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11th Jul 2020

France, Germany call for tax avoidance clampdown

  • The French, German and Italian finance ministers want new EU rules on corporate tax (Photo: EUobserver)

The finance ministers of Germany, France and Italy have called on the EU to propose new law to curb corporate tax avoidance,

In a joint letter to the EU's economics commissioner Pierre Moscovici on Monday (1 December), Germany's Wolfgang Schaeuble, France's Michel Sapin and Pier-Carlo Padoan from Italy said that a new EU directive on anti-base erosion and profit-sharing could be presented before the end of 2014.

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"This strong initiative taken by the EU ... would give Europe the leading place it deserves at the international level," the ministers argue.

They added that the new rules could be agreed by ministers by the end of 2025. Under the EU treaties, all legislation dealing with tax requires the unanimous support of all 28 governments.

The letter is not the first time that the eurozone's three largest countries have presented a united front on tax.

They are also among the eleven countries who have promised to introduce a tax on financial transactions, although no agreement will be reached until 2015.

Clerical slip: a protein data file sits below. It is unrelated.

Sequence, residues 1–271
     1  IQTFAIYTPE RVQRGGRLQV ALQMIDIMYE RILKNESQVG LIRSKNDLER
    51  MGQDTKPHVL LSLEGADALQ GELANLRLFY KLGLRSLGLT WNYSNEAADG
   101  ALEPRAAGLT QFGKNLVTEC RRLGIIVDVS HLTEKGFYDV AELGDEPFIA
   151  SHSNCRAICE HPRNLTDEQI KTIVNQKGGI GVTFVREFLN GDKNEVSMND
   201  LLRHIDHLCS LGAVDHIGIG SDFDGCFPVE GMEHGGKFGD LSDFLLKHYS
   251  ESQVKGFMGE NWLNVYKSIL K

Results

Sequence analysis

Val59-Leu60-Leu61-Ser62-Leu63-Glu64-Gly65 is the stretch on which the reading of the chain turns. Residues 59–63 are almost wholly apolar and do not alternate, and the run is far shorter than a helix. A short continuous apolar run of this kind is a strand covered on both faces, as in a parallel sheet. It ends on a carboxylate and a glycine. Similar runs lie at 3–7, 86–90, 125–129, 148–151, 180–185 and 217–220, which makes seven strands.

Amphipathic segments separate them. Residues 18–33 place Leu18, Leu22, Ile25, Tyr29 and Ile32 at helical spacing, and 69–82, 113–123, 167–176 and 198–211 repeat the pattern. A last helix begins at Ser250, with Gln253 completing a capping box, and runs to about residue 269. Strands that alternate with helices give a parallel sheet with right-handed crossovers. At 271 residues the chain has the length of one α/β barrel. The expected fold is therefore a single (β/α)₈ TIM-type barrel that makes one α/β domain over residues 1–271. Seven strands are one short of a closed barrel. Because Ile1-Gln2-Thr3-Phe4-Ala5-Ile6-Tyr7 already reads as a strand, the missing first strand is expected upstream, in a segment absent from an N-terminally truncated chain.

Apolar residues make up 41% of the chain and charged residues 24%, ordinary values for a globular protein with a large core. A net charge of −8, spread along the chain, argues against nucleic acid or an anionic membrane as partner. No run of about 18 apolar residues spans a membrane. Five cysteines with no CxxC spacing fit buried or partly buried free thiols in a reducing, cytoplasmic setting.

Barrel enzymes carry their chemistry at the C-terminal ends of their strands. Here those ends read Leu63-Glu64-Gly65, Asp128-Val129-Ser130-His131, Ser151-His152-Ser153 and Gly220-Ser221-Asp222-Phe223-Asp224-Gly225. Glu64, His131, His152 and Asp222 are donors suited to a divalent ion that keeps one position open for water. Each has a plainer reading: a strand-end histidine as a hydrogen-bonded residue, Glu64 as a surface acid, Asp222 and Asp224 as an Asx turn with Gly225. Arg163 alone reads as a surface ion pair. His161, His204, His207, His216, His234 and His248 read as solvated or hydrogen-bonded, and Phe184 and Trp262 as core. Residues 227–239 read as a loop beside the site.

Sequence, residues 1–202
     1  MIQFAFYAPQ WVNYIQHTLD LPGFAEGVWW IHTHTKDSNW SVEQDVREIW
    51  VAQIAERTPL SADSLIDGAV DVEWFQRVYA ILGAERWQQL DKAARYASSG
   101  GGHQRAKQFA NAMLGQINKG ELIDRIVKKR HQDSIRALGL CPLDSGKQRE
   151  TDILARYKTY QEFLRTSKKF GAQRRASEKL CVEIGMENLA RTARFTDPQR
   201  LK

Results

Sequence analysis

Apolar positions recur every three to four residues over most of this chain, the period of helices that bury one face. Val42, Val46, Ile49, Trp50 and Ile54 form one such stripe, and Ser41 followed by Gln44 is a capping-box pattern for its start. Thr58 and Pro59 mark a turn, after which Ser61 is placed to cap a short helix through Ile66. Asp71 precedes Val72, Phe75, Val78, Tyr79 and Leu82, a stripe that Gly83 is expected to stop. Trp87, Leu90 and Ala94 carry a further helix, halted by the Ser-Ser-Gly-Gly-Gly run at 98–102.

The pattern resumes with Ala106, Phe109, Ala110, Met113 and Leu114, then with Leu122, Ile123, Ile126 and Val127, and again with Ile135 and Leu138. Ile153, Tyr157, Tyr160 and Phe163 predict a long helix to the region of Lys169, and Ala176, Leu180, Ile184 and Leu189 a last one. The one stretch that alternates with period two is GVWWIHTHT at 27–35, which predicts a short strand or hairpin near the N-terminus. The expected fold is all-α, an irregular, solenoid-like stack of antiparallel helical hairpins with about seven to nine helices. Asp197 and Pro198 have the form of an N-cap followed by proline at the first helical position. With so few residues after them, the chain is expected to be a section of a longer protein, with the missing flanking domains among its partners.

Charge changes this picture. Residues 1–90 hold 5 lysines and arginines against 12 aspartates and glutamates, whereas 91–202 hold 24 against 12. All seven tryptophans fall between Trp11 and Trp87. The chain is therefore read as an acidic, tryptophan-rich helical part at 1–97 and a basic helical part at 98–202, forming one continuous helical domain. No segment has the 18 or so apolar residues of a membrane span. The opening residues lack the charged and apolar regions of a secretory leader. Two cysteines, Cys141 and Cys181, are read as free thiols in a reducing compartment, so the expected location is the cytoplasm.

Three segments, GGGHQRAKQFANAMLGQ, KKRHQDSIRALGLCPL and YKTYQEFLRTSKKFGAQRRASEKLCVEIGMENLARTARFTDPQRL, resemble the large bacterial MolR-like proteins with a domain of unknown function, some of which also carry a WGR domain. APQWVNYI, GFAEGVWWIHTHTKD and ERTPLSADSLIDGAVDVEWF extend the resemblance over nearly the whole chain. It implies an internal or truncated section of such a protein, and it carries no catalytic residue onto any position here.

Meanwhile, France and Germany have repeatedly called for Ireland, which is currently facing an EU probe into so-called 'sweetheart' tax deals with Apple, to increase its corporate tax rate.

Such tax deals, which are also under investigation in Luxembourg and the Netherlands, and Europe's fragile economy have pushed corporate tax avoidance up the political agenda.

In the letter, the ministers commented that "the limits of permissible tax competition between member states have shifted. That development is irreversible".

The EU executive estimates that tax avoidance and evasion in the EU cost about €1 trillion each year.

The commission tabled plans for a common corporate tax base across the EU in 2011, only to see them halted by a group of governments including Luxembourg, Ireland and Malta.

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